New inventions boost renewable energy
- Research & Development
Scientist at City University of Hong Kong (CityU) have rolled out two renewable energy inventions that tackle the energy crisis.
Led by Professor He Jr-hau from the Department of Materials Science and Engineering, the inventions include the development of a novel wave energy device as well as a new photoelectrochemical system that will increase the efficiency of solar-to-hydrogen energy conversion by two-fold and at half the cost.
Regarding the first research project, Professor He and his research team have developed a lightweight wave-energy-driven electrochemical carbon dioxide reduction system that can capture ocean wave energy, and convert it into formic acid, a liquid fuel.
The system features three components: a spherical spring-assisted triboelectric nanogenerator (TENG) that can convert the mechanical energy of the wave into electricity; a power management circuit with a supercapacitor to temporarily store the harvested energy; and an electrochemical setup that can reduce carbon dioxide to formic acid.
“Unlike conventional wave energy converters based on electromagnetic generators, the lightweight TENG, which can float on water surface and causes minimal impact to marine life and the sea floor, is more cost-effective and able to survive storms,” Professor He said.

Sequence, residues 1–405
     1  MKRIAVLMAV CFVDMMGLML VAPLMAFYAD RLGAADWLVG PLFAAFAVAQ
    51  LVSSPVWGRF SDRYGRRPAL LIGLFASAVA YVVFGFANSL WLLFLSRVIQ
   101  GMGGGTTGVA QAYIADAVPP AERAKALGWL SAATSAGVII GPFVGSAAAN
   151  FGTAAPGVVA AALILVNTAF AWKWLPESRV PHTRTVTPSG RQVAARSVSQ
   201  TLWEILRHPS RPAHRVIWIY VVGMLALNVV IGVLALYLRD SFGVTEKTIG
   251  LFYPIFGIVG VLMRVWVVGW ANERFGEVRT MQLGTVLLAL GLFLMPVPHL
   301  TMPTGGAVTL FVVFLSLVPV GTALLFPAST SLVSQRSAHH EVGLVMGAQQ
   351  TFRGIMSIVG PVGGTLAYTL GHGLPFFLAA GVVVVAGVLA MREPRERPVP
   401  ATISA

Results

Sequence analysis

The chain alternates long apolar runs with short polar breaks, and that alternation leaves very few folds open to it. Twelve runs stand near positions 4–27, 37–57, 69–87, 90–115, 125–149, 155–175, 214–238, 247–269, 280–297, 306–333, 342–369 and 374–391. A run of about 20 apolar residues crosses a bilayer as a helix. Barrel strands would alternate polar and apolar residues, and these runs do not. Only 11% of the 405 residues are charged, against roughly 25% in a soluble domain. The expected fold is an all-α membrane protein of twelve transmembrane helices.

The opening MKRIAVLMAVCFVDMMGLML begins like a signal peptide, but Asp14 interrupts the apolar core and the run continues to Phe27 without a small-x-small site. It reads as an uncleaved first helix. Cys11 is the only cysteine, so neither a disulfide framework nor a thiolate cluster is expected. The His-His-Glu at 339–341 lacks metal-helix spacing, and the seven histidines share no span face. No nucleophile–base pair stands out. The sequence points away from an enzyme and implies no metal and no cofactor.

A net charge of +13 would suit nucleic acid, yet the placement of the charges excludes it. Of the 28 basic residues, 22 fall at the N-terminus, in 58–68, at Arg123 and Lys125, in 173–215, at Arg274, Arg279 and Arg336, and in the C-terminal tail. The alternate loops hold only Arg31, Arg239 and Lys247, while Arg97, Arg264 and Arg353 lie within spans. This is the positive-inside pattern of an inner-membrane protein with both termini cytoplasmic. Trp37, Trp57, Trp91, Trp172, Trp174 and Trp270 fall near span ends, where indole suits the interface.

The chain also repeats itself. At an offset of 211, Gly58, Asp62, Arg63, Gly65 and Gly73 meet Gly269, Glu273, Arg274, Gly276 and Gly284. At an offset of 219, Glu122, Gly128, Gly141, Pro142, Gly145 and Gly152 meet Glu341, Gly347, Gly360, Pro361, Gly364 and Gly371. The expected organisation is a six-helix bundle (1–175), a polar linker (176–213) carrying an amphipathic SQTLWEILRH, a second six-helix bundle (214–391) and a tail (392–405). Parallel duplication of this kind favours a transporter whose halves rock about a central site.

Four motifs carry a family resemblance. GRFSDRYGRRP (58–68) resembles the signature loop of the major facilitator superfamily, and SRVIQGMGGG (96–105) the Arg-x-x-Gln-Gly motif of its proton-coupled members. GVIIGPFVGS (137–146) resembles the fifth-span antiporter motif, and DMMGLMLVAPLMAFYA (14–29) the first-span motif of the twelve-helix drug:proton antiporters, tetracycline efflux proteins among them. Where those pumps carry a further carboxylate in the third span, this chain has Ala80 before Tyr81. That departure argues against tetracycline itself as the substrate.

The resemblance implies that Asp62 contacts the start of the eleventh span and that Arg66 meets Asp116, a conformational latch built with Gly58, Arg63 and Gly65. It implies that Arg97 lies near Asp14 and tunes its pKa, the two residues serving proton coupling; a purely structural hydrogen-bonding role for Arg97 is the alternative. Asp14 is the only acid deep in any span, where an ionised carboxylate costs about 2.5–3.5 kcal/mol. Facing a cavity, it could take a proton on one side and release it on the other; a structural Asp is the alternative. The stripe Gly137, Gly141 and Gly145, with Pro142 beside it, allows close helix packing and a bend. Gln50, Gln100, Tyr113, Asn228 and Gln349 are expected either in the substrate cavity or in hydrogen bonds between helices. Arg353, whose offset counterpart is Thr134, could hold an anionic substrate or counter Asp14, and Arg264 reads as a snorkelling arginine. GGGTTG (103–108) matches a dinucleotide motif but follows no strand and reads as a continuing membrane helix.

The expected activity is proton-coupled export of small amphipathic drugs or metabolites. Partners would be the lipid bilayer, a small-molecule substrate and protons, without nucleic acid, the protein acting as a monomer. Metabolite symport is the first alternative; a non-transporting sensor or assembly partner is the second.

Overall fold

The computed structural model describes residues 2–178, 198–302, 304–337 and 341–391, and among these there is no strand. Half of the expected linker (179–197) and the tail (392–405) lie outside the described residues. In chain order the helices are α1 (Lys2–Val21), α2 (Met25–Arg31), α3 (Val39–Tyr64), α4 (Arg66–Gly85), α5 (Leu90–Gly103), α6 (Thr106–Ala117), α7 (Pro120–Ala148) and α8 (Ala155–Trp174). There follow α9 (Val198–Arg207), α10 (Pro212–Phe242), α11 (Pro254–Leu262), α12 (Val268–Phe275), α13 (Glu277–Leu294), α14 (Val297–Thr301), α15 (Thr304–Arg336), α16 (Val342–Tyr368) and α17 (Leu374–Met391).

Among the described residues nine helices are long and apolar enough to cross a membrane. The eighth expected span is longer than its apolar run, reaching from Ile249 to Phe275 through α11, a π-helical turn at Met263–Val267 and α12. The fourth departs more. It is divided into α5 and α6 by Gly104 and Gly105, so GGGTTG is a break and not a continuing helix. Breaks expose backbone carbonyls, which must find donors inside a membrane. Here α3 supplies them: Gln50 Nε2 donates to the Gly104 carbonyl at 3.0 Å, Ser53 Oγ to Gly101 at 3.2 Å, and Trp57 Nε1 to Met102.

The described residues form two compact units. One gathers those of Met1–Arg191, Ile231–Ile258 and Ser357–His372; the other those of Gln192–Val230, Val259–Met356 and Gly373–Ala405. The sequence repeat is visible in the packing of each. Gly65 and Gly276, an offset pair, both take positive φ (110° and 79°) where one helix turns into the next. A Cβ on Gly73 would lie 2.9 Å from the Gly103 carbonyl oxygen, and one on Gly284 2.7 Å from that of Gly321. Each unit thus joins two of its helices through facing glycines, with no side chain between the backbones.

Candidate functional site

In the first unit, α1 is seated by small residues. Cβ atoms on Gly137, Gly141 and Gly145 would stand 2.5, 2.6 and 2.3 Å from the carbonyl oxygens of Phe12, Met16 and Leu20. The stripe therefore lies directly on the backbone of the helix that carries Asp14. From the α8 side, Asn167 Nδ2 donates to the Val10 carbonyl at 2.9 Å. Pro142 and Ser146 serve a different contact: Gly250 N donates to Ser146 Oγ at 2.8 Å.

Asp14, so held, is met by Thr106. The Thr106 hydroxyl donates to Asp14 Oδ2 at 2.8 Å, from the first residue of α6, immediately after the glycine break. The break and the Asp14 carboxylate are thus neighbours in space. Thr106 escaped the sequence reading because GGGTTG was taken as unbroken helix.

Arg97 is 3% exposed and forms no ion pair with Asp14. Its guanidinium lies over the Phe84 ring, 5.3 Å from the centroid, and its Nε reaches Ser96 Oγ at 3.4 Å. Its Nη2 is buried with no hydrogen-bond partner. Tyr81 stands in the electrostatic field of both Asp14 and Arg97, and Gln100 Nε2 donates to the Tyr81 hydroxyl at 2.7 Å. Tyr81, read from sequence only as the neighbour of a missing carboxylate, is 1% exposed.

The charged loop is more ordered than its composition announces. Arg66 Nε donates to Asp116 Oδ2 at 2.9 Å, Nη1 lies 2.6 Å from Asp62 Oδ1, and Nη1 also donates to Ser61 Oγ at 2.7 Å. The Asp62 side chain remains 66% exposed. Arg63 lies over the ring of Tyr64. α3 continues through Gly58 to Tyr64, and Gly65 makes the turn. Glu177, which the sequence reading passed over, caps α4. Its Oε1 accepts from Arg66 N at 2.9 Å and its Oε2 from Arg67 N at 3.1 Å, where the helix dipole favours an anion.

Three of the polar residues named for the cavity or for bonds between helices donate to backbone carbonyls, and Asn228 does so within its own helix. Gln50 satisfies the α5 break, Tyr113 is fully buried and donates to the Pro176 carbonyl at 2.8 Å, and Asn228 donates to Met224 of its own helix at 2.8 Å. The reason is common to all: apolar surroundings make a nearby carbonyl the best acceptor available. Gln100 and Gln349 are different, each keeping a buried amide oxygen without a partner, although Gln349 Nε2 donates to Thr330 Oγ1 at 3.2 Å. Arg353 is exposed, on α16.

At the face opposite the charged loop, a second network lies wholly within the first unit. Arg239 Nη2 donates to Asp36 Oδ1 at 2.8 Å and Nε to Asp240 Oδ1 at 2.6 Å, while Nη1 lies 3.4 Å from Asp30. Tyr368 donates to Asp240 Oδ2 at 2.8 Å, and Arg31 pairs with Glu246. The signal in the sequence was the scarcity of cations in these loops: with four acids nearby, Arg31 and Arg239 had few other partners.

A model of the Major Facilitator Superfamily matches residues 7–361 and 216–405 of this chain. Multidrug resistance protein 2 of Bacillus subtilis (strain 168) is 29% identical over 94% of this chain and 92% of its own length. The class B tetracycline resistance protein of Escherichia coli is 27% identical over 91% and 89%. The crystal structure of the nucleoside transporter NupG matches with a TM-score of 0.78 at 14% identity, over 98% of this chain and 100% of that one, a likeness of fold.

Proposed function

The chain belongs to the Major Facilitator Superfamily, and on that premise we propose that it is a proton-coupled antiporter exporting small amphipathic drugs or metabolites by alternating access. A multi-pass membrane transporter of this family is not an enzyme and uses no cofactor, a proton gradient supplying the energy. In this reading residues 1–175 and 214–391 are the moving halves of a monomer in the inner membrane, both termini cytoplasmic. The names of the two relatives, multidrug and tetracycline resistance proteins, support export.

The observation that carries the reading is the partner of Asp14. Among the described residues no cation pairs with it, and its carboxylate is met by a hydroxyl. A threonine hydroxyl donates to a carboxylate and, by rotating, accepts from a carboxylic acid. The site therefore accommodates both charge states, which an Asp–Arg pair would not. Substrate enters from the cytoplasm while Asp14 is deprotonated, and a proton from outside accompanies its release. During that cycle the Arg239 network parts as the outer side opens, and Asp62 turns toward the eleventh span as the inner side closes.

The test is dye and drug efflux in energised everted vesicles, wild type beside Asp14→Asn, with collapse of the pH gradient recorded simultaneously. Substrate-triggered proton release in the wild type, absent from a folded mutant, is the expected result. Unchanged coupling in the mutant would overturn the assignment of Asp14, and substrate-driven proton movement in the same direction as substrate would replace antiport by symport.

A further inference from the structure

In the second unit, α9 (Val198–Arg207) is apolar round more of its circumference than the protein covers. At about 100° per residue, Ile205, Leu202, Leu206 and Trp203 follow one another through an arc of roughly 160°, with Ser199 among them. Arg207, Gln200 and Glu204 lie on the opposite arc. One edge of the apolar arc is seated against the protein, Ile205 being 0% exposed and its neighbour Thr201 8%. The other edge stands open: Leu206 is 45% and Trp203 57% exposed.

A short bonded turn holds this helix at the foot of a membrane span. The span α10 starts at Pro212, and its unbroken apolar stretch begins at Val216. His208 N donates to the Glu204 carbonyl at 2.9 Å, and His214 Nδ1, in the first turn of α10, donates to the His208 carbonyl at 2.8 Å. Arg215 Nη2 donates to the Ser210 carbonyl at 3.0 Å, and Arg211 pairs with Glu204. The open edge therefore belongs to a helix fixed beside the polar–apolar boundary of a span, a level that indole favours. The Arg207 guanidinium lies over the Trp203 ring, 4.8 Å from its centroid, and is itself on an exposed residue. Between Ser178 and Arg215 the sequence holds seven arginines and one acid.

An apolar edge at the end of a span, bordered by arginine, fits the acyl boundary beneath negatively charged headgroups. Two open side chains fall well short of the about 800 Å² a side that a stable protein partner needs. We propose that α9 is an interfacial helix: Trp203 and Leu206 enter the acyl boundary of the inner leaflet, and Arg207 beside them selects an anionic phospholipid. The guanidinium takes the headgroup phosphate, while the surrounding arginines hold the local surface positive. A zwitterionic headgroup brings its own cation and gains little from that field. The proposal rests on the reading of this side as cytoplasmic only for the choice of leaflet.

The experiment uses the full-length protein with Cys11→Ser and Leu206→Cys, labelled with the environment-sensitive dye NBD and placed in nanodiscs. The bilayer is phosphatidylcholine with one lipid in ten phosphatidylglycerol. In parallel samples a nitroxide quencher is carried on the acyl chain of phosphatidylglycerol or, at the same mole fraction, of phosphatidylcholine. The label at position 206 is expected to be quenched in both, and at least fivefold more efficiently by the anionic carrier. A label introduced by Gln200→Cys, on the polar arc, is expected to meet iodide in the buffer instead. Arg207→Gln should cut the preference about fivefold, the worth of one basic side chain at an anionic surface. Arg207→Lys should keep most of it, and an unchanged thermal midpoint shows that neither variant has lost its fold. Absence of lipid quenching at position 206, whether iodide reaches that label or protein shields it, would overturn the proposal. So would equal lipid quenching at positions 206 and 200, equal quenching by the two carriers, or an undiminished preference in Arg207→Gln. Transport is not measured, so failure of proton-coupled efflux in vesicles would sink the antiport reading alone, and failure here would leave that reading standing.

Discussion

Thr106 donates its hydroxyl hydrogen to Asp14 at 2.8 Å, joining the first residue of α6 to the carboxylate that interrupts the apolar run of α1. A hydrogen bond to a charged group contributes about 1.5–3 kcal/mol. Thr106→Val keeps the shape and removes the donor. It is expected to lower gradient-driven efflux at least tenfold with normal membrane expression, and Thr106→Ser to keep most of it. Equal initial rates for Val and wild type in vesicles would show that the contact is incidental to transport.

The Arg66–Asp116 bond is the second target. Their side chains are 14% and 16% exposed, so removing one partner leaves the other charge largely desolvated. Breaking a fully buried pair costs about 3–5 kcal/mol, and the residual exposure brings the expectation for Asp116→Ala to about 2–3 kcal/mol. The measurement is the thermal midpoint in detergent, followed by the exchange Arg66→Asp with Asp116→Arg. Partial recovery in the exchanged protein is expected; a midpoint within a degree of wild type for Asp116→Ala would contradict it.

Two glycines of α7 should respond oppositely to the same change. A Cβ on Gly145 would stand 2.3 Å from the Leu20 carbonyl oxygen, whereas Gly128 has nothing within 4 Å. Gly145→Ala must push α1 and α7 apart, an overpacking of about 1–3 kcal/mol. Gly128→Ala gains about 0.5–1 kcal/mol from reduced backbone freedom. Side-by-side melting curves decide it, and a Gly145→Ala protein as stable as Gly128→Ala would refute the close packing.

“A liquid fuel, in the form of formic acid, is favourable because it can be stored at room temperature and is relatively easy and safe to transport. More importantly, this technology can mitigate CO2, a major greenhouse gas, during the energy conversion process, and ultimately help combat climate change,” Professor He added.
The research team found that the new technology can achieve a higher wave energy conversion efficiency and power output than conventional converters.
“In the long run, we hope to boost the efficiency of TENG to reduce our reliance on fossil fuels,” Professor He said.
New PEC system
To explore the full power of renewable energy, Professor He has worked with another research team in developing a new photoelectrochemical (PEC) system that can increase the efficiency of solar-to-hydrogen (STH) conversion from 3 per cent to 9 per cent. Its stability increased sharply from a few minutes to over 150 hours, a record high among conventional technologies.
Also known as artificial photosynthesis, a PEC system uses sunlight and specialised semiconductors to split water into hydrogen and oxygen.
Professor He pointed out that almost all existing PEC systems operated with a single-sided device, which creates a trade-off between functionality and surface protection.
Most devices would fail within a few minutes because of semiconductor corrosion during water splitting. The instability and high cost of conventional technologies hinder their practical applications.
“The new system developed by our research adopts an epitaxial lift-off and transfer technique that enables the utilisation of both sides of the device and the recycling of substrate. It greatly improves the system’s stability and lifetime, and halves the cost of the device, making a cost-effective PEC device within reach,” he said.
The research team has also demonstrated the first fully integrated standalone wireless III-V-based PEC device, which is a kind of artificial leaf that can conduct energy conversion without electrical connections, with an STH efficiency of 6%.
“I believe this breakthrough could minimise the geographical constraints for future research,” Professor He added.